Although individual students are not eligible to apply for scholarships, an organization may apply to an LCC to sponsor a scholarship provided the LCC feels the scholarship program provides sufficient public benefit and meets all other state and local criteria.
An applicant may request reconsideration of an LCC decision on his or her application if the applicant can demonstrate that the LCC failed to follow published state guidelines and council priorities. Dissatisfaction with the denial of an application or with the amount of an award does not constitute grounds for reconsideration.
Reconsideration requests must be made in writing and must be sent to the LCC within 15 days of the date the disapproval notification was sent. The applicant should also send a copy of the request to Mass Cultural Council. The request should include:
- The council’s disapproval notification to the applicant.
- The applicant’s reason for requesting reconsideration stating how the LCC failed to follow published state guidelines or local criteria.
Within 15 days of receiving a reconsideration request, Mass Cultural Council will determine if the applicant has grounds for reconsideration, and will notify both the applicant and council of its decision via email.
If Mass Cultural Council determines that the applicant has grounds for reconsideration, the LCC must convene a quorum of members and review the application, as if for the first time. Following all published state guidelines and council priorities, the LCC must decide whether to approve or deny the grant request and must notify the applicant of the final determination in writing.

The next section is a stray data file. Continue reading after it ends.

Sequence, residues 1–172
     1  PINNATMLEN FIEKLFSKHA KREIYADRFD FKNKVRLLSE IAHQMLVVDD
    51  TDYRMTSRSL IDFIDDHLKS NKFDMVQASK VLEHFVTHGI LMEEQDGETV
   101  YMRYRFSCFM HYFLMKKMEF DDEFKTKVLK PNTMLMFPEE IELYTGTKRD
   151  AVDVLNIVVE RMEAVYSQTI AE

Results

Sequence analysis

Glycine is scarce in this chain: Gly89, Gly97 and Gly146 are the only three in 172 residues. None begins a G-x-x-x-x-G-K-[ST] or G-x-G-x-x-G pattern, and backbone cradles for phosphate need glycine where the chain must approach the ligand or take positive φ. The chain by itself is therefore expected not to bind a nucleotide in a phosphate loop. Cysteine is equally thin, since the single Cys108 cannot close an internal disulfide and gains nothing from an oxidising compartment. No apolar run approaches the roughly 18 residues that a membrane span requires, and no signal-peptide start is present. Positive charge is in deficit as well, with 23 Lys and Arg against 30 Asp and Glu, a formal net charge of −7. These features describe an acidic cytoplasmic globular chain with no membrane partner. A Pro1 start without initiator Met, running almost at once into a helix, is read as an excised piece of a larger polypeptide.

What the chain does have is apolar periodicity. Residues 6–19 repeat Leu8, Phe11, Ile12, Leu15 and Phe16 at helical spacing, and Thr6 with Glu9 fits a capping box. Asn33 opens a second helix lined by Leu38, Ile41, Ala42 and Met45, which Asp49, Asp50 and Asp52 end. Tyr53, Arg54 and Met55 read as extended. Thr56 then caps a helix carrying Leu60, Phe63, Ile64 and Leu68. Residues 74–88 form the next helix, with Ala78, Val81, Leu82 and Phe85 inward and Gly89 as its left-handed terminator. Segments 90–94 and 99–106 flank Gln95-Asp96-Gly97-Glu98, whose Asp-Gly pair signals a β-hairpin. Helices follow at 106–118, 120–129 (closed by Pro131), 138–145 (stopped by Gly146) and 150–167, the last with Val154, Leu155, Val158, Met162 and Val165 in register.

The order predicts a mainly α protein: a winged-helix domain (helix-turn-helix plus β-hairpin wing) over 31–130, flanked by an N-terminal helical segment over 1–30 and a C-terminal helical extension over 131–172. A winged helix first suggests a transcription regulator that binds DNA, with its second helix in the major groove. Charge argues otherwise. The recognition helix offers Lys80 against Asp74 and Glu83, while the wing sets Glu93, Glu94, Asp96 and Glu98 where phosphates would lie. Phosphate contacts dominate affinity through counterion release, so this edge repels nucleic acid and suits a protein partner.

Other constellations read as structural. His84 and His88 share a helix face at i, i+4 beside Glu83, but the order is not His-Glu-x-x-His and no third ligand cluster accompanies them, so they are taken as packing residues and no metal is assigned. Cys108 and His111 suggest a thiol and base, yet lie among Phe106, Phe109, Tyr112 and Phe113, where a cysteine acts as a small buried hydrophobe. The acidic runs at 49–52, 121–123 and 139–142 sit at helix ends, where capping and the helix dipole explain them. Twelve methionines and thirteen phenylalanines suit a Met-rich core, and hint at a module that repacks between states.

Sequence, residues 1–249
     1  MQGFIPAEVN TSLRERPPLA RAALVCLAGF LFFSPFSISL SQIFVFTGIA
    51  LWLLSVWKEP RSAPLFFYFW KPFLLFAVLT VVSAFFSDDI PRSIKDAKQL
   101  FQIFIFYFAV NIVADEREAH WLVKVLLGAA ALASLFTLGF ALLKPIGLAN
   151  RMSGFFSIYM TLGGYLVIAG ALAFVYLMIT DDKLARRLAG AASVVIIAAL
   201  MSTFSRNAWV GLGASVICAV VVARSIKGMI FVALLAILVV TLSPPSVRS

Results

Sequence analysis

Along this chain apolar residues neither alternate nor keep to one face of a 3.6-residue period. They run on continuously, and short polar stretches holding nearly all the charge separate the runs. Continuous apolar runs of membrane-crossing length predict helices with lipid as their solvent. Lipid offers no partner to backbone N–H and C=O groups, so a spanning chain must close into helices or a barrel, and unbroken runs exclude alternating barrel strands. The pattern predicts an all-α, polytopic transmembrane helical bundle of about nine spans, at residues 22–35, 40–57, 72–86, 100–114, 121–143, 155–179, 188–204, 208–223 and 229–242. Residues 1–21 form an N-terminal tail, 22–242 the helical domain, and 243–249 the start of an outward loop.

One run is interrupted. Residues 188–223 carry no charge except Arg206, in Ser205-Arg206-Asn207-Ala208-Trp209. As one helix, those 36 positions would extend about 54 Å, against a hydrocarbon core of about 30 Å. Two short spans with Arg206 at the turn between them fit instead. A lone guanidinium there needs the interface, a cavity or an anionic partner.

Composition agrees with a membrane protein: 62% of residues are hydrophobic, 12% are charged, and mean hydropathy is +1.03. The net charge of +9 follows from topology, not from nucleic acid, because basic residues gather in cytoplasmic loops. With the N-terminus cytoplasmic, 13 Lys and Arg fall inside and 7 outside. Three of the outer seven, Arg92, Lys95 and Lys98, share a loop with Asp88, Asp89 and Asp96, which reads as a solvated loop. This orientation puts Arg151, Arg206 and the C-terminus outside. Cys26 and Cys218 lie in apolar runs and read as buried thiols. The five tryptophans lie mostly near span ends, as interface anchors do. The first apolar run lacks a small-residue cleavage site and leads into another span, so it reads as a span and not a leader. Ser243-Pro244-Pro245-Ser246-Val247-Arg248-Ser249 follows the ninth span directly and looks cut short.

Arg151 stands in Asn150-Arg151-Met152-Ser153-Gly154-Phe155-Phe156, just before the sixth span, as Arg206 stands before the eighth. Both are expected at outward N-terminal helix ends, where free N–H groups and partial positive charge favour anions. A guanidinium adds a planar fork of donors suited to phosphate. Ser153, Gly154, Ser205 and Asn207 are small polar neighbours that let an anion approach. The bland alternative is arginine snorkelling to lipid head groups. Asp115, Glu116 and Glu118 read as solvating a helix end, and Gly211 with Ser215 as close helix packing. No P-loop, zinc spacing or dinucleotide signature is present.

- Grant application opens September 1.
- On September 1, LCC funding priorities and additional requirements will appear on their council profiles. Applicants should visit the profile of the LCC to which they are applying to learn of any priorities or required supplemental materials, such as a support letter, to be submitted with their application.
- Grant applications must be submitted to the LCC through the online system by the deadline, October 17 at 11:59pm (ET).
November – December
- LCCs hold voting meetings to make decisions on applications, send denial letters, and address reconsideration requests.
January – March
- LCCs send approval notifications and publicize grant awards.
- LCCs begin processing reimbursement requests or grants.
- LCCs process reimbursement requests with their municipality. The time it takes LCCs and cities/towns to process reimbursements varies but can take 4-8 weeks.
- Grantees carry out their programs, submit reimbursement or Direct Grant materials, and acknowledge the funding they’ve received through Mass Cultural Council/LCC.
Grants Management System
All applicants should submit their applications through the online system.
To access Mass Cultural Council’s grants management system, a user account using a unique email address (your username) with a secure password is required. Each user also completes a personal profile (“My Profile”).
If you are an LCC applicant and have not applied to any other Mass Cultural Council programs, or are applying for an LCC grant for the first time, you do not have a record in the new system. Click “Register” to create a new user account/password and then select a profile type (individual or organization) to register.
- Register as an Individual if you are applying for a grant for yourself or a project you are leading. In this case you will be considered the applicant and grantee.
- Register as an Organization if you are applying for a grant on behalf of an organization, school, town, or other group. In this case the organization is the applicant and grant recipient and you are the primary contact for the application.
Start typing your organization’s name, select your organization from the list, and then complete your contact information. If your organization is not listed, follow the directions to add your organization information and your contact information to register your organization manually.
Applicants who have previously applied for LCC grants AND other Mass Cultural Council grants are likely to have a record in the new grants management system.
To see if you already have a record, go to the grants management system and click “Forgot password?” Enter your email address. If the email you entered matches the one in our system, you will be sent an email from “firstname.lastname@example.org” with instructions for resetting your password.